Theatre Review: Otterbein Ends Their 50th Summer Season with a Rapturous Grand Night for Singing
A Grand Night for Singing, a Tony-nominated revue of the works of Rodgers and Hammerstein, hits all the right notes in the production directed by David Hemlsey Caldwell that opened at Otterbein on Thursday to close their 50th summer season.
This revue of 30+ Rodgers and Hammerstein songs is structured like an outdoor cabaret. A four-piece band sits on a riser in front of a backdrop of stars, surrounded by a gorgeous, minimal set (courtesy of scenic designer Rob Johnson) with two benches flanking them as the actors under their own names sing these beautiful songs in various groupings. The first act is a dissection of the consuming frenzy of young love and lust, requited and otherwise. Jordan Thomas Wood – excellent throughout – finds a fierce intensity on “The Surrey With the Fringe on Top,” attacking that combination art-music and Western rhythm in a way I’ve never heard before that blew my hair back. It set the tone for how this performance handles some of what we’d think of as archaic or stilted language in these songs, it treats them with a knowing wink and simultaneously digs into the feelings that never quite go away underneath. My favorite example of this is Daria Redus’ hilarious, touching, and vibrant read of “I Cain’t Say No.”
This production of A Grand Night for Singing brilliantly accentuates the revue’s placing thematic material close to each other to look at the same feeling from different angles or follow it from hope to desolation or vice versa. Aubree Tally is the glue of the show throughout. She goes from a rich “Do I Love You Because You’re Beautiful?” and a lush “I Know It Can Happen Again” to duets that shimmer: gum-cracking, raised-eyebrow, gorgeous cynicism with Redus on “Stepsisters’ Lament;” slapstick comedy and the upending of expectations with Wood on “Shall We Dance.” Abigail Isom gets a righteous showcase, full of radiating energy, fury and realization all over her face and movements, on “The Gentleman is a Dope,” leading into the very funny pleading – of the same kind of dope – courtesy of Wood and Trey Plutnicki on “Don’t Marry Me.” This thread is knotted by my two favorite moments of the show – the women doing a lusty Boswell Sisters-style “I’m Gonna Wash that Man Right Out-a My Hair” then Redus alone on a heartbreaking read of possibly the most beautiful Rodgers and Hammerstein song of all time, “If I Loved You.”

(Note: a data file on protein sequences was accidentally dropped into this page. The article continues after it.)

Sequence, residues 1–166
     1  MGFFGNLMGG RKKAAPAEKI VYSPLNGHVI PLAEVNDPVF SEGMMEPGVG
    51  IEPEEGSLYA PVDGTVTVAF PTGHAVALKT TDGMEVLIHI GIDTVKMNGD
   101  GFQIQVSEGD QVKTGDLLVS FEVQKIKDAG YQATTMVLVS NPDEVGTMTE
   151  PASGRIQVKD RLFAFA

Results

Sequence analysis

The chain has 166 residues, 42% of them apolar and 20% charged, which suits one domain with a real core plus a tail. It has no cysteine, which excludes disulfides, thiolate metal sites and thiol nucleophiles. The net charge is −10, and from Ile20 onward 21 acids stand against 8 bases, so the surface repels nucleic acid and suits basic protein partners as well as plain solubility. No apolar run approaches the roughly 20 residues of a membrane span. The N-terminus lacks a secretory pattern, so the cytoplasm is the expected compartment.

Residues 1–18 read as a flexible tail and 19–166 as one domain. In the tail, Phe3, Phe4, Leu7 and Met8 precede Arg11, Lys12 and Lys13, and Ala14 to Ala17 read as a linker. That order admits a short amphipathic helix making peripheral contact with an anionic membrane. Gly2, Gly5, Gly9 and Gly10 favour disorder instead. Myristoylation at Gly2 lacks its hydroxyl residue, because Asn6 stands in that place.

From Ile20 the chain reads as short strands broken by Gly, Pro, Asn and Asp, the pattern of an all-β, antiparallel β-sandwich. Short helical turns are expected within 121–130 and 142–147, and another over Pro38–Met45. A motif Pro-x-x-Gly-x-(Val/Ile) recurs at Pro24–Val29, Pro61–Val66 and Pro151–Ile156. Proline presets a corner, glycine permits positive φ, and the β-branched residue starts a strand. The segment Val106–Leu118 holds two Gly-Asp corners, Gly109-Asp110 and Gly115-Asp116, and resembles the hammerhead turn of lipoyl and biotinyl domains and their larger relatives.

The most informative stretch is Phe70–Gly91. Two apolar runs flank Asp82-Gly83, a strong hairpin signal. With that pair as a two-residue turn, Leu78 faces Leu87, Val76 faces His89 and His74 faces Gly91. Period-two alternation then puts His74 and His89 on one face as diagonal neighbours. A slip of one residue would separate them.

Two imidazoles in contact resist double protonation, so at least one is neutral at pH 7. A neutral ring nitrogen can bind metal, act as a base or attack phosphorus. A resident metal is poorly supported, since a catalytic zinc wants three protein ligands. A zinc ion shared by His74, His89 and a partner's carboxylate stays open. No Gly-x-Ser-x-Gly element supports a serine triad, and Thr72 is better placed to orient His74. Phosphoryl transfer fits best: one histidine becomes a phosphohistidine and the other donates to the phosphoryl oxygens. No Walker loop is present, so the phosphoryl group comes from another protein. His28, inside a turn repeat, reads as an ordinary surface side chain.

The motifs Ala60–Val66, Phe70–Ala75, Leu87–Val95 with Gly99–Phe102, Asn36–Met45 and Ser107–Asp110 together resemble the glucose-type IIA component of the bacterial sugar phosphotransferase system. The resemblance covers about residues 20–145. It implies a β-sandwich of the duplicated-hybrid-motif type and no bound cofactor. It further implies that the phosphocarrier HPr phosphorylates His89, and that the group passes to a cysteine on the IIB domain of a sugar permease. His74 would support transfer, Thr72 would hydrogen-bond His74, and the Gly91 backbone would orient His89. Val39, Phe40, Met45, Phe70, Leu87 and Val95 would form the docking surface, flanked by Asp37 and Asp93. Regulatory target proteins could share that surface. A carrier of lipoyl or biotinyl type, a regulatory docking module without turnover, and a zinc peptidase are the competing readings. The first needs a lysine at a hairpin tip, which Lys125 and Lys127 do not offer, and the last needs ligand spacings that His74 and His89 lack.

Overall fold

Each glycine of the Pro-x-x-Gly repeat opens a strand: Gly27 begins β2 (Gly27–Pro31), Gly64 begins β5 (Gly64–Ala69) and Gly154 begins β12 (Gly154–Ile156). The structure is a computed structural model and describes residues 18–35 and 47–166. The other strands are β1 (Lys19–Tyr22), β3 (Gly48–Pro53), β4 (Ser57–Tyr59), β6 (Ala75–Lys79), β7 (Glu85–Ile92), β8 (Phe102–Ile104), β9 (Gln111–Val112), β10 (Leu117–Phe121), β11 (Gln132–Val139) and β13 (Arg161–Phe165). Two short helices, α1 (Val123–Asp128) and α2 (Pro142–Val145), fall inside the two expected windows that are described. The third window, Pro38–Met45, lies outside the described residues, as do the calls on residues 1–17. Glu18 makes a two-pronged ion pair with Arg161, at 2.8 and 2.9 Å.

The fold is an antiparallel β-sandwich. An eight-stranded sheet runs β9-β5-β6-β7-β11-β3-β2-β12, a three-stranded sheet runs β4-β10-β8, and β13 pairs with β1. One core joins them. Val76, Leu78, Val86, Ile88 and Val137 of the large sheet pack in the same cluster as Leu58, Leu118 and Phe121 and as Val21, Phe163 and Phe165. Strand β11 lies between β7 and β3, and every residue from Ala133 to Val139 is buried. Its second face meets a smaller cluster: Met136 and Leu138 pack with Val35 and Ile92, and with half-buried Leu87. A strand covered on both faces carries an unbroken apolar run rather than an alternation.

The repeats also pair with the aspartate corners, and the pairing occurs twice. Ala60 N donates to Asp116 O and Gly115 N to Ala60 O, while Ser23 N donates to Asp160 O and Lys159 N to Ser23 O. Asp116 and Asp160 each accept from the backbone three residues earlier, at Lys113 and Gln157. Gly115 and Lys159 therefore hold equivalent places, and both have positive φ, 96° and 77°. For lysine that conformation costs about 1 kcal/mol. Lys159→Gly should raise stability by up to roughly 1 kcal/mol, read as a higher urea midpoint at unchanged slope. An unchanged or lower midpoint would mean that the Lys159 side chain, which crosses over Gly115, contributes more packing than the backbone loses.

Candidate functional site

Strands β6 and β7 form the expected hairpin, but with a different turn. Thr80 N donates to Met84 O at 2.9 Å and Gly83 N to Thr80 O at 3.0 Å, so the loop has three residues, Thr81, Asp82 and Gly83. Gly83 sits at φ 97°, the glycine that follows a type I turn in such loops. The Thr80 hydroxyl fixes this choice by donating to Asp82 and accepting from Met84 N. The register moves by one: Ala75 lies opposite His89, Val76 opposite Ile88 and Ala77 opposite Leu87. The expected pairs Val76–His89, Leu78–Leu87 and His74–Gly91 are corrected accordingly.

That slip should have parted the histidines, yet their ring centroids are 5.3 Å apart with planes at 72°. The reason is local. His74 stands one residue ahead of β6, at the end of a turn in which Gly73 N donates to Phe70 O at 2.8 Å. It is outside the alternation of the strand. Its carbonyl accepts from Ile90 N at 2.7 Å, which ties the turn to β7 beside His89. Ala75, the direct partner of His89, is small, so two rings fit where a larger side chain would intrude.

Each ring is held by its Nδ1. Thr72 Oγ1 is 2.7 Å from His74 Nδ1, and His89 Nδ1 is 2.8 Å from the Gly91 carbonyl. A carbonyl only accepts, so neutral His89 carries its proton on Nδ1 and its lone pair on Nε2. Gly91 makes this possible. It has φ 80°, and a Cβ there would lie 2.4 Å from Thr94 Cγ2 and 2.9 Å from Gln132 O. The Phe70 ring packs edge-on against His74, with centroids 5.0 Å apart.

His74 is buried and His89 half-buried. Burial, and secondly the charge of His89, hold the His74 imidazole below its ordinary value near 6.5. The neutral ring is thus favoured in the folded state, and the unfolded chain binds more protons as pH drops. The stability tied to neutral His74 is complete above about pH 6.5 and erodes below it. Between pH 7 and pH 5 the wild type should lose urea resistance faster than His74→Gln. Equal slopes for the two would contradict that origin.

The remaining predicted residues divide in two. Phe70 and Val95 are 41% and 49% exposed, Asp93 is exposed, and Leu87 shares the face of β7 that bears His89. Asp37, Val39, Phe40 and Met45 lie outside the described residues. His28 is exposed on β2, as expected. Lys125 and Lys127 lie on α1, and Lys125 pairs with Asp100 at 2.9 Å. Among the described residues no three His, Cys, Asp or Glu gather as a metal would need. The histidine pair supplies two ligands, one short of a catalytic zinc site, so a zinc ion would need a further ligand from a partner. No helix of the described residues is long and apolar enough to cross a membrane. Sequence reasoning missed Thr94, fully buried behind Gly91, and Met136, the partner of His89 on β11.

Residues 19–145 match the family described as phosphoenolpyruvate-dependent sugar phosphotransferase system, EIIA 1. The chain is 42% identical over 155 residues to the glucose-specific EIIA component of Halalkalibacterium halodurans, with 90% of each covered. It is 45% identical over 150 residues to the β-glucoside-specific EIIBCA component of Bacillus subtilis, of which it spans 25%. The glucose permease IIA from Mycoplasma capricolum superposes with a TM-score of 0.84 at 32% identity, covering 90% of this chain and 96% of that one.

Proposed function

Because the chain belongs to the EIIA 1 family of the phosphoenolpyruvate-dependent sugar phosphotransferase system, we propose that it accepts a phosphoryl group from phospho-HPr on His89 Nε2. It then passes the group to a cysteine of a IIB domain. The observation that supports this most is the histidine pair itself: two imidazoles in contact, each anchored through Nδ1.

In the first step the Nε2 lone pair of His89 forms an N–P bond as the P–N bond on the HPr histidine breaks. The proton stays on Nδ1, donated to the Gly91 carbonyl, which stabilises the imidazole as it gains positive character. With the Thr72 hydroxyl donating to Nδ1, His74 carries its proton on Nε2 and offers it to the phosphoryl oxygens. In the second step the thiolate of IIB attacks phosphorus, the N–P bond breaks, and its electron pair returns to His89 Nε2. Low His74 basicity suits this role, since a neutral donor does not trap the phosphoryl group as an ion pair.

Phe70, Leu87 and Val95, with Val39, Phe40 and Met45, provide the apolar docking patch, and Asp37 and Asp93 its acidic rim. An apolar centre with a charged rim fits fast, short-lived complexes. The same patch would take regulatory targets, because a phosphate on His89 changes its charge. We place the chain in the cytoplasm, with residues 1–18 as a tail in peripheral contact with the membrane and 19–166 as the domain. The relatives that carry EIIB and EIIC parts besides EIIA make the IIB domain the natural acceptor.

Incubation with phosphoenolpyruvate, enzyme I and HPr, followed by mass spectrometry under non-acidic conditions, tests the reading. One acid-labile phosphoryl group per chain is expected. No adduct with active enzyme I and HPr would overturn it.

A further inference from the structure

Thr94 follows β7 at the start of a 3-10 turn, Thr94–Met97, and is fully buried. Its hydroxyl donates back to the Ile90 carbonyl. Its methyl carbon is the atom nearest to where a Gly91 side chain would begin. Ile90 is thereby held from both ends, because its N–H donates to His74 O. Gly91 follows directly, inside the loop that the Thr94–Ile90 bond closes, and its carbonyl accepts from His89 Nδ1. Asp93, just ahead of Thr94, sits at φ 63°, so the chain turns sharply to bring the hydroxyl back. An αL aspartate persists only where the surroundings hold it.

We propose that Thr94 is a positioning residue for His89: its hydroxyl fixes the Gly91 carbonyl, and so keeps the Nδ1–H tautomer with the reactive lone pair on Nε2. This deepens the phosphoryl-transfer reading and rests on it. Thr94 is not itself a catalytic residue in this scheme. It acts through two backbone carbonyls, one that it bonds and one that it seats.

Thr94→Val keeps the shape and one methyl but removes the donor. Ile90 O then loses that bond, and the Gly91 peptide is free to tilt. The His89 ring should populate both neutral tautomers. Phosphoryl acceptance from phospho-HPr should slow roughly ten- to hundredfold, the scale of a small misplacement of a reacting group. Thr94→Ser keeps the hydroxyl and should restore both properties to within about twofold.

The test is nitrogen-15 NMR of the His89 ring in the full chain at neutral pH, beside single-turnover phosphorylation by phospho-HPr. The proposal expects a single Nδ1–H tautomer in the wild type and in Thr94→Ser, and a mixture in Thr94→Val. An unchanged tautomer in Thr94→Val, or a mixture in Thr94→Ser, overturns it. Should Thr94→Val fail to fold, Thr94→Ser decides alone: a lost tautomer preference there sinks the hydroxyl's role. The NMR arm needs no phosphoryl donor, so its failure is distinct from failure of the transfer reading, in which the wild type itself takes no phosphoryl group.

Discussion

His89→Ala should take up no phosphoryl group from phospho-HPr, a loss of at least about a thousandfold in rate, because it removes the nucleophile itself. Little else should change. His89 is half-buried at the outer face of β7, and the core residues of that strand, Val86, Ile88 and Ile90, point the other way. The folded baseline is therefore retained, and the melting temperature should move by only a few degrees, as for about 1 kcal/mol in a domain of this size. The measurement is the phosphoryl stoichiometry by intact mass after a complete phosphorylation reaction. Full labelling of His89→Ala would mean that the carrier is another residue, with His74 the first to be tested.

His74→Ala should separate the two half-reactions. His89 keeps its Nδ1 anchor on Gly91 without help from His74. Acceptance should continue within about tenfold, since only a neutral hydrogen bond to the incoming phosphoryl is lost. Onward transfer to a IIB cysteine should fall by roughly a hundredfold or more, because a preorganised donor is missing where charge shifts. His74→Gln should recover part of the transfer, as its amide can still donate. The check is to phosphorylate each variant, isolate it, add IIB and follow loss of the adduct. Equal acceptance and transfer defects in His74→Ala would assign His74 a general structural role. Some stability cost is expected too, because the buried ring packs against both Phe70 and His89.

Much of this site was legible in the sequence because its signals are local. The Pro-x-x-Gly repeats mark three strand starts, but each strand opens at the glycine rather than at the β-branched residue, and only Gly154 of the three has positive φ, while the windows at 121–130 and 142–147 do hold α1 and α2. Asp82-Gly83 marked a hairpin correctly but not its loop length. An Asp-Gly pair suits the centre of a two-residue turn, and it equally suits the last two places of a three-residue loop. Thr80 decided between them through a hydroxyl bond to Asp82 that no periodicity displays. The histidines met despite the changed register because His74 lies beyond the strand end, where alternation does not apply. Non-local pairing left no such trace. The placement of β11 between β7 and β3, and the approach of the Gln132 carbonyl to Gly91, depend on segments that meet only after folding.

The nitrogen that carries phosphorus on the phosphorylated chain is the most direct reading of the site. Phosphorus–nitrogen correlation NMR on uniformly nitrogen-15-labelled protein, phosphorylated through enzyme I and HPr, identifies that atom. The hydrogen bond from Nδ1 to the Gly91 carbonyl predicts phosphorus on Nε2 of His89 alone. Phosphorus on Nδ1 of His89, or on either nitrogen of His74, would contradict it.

The second act loses some of that thematic thrust when it shoehorns in songs like “Oh, What a Beautiful Morning,” and “Kansas City” (the one terror of the future/look at those funny rednecks condescending moment from Oklahoma that always made me cringe) but it has some of the biggest highs of the show. Wood singing, with Redus and Isom’s harmonies, “But kinda sad I am to see the cad I am, dissolving like a sail on the sea,” on “The Man I Used to Be” is remarkable. Tally’s lush and quick, “It Might As Well Be Spring,” polished one of my favorite standards and reminded us all how it glimmers in the light.
As impressive as the cast’s rapid-fire switching of moods and feelings is, the band underpins and follows or anticipates their every move. Dennis Davenport’s piano and organ impeccably shade even the happiest song with a hint of melancholy and bring out those astonishing harmonies with Tom Regouski on reeds (particularly good on saxophone in the R&B numbers like “Honeybun” and “I’m Gonna Wash that Man Right Out-a My Hair”) and Paul Baker on bass. Tomasz Jarzecki’s percussion had my jaw in my lap more than once. The cast and band achieve a perfect synergy on this always fertile material and find a way to, at least while they’re on stage, obliterate the many times we’ve all heard these songs and make them wholly their own. If you’re not someone who grew up with these songs, you’re in for a treat; if you, like me, did, you’re in for a series of delights.
A Grand Night for Singing runs through July 23 with 8pm showings on Thursday, Friday, and Saturday. For tickets and more info, visit otterbein.edu